If you want a seat, you damn-well better get here early. John Schalk knows that. He's been coming for seven years and is one of the many regulars who flock to Blues City Deli on Thursday evenings for free rations of blues music.
Miss Jubilee and The Humdingers started at 6 o'clock, sharp, and Schalk (like "chalk," but with an 's' in front) walked in late. Now, he's standing in the back left corner of the deli, spooning bread pudding out of a bowl on a six-inch open corner of counter-space. He peers toward the stage between bites, but there are about ten people between him and the low stage.
A better seat, like the front-row stool Gil Cloyd snagged, requires some foresight. He says he got here at 4:30, then points to another grey-haired regular sitting in a stage-side booth. That guy arrived at 3:00--three hours before the show started.
Reporting here is like interviewing DIY punks about squat show-spaces. Everybody is paranoid about their spot blowing up. They don't want to have to get here any earlier than they already do. If you want to know about it, don't ask a punk, ask a retired or middle-aged blues freak. (Or, just check the Blues City Deli website, they post all the shows on the calendar.)
Not too put too fine a point on it, this is a deli--a restaurant that serves (fantastic) sandwiches and chips and tonight, $2 Schlafly bottles -- not a full-time music venue. Yet, this room, twelve-foot ceilings and walls collaged with posters and paintings of local and national blues heroes alongside family portraits and relics of St. Louis history, consistently hosts some of the best blues artists to grace our city's stages.
Tonight, isn't half bad either. "I like her more than I thought I would," says Cloyd. "I saw Pokey LaFarge [and the South City Three], and I think I was the only one in the room who didn't love it."
The comparison is reasonable. Both acts draft their songbooks, sense of swagger and taste in hats from the early half of last century, but the Humdingers lean more towards the Hot Jazz and Swing of the '20s and '30s and black Rhythm & Blues of the '30s-'50s, than minstrel-show jug-band tunes.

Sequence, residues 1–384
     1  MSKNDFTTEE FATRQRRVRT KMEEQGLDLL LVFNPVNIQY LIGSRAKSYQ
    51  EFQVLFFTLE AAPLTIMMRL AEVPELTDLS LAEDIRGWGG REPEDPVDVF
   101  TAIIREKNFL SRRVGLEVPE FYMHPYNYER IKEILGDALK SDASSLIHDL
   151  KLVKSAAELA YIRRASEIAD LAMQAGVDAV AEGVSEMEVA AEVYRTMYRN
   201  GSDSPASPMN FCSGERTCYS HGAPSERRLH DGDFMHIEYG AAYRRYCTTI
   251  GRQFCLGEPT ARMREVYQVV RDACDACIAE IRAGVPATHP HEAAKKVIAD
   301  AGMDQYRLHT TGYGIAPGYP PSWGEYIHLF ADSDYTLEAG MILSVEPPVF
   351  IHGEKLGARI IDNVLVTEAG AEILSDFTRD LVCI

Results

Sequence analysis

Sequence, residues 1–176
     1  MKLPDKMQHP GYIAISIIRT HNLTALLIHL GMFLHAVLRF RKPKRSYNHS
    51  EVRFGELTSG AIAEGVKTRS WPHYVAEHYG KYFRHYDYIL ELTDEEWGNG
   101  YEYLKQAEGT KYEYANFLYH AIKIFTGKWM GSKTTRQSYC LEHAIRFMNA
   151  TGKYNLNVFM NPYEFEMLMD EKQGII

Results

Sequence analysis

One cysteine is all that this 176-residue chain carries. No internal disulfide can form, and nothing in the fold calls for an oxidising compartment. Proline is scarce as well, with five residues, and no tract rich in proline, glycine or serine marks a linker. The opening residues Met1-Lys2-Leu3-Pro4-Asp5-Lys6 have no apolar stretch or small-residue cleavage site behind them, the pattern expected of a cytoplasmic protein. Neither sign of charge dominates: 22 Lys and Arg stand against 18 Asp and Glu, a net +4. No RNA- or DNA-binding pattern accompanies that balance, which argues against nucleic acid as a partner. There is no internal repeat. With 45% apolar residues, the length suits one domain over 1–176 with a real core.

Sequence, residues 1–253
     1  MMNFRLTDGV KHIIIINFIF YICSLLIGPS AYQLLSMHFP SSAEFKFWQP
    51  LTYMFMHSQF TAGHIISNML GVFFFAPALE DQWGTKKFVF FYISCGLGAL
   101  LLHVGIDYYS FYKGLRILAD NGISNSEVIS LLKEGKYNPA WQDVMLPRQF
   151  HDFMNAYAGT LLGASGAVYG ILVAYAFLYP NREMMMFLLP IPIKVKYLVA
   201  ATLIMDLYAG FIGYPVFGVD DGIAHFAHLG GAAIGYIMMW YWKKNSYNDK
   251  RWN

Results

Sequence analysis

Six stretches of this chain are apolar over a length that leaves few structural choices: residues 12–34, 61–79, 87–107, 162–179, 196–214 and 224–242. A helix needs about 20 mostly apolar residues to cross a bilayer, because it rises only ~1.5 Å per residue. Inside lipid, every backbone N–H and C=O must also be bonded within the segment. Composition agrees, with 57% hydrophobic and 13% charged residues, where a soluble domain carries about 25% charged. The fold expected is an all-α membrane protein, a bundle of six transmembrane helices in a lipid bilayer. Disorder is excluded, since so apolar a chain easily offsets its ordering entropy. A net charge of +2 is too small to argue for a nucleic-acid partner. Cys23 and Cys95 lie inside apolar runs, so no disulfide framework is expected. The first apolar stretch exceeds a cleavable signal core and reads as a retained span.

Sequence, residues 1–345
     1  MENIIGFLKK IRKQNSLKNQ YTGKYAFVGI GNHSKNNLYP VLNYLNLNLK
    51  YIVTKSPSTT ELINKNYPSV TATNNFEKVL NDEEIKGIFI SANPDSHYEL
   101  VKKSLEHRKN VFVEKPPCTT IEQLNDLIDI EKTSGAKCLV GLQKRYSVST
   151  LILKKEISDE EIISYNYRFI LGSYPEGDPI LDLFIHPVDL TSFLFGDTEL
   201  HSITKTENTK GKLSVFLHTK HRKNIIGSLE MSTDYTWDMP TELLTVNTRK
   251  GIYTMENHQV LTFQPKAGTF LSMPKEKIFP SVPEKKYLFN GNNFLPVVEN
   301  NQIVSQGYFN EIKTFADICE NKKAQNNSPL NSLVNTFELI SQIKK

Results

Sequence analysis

Miss Jublilee fronts the six-piece band with unlimited stamina for her Transatlantic-entertainer stage-smile while drummer Dan Connor directs the band through arrangements by the Oliver Sain Orchestra, Katherine Baker and Ruth Brown. He calls out, "High register! High register during the solo! Yeah!" to Lawrence Welby as the bassist slides his left-handed walk farther up the fretboard to sonically make way for clarinetist and tenor saxophonist Chloe Feoranzo.
They forego the usual 7 o'clock set break and make sandwich orders from stage -- Delta Bayou on a kaiser roll, some of that bread pudding. The crowd swings, tight-quartered up front, claps in back and Miss Jubilee spins and shucks through the audience, tip jar overhead, before wrapping this set up and driving off to their next.
Vince Valenza, the owner, receives as big of an applause as any solo tonight (and damn, Feoranzo had a few). He's been running these free blues sessions from behind the register for nearly five years, but he tosses the recognition back to the audience. "The crowd here," he says. "It's almost like a team. You put the right band in here--they throw it to the crowd, they throw it right back--it's pretty cool."
It's hard to find a seat with a crowd like that. Gotta get there early.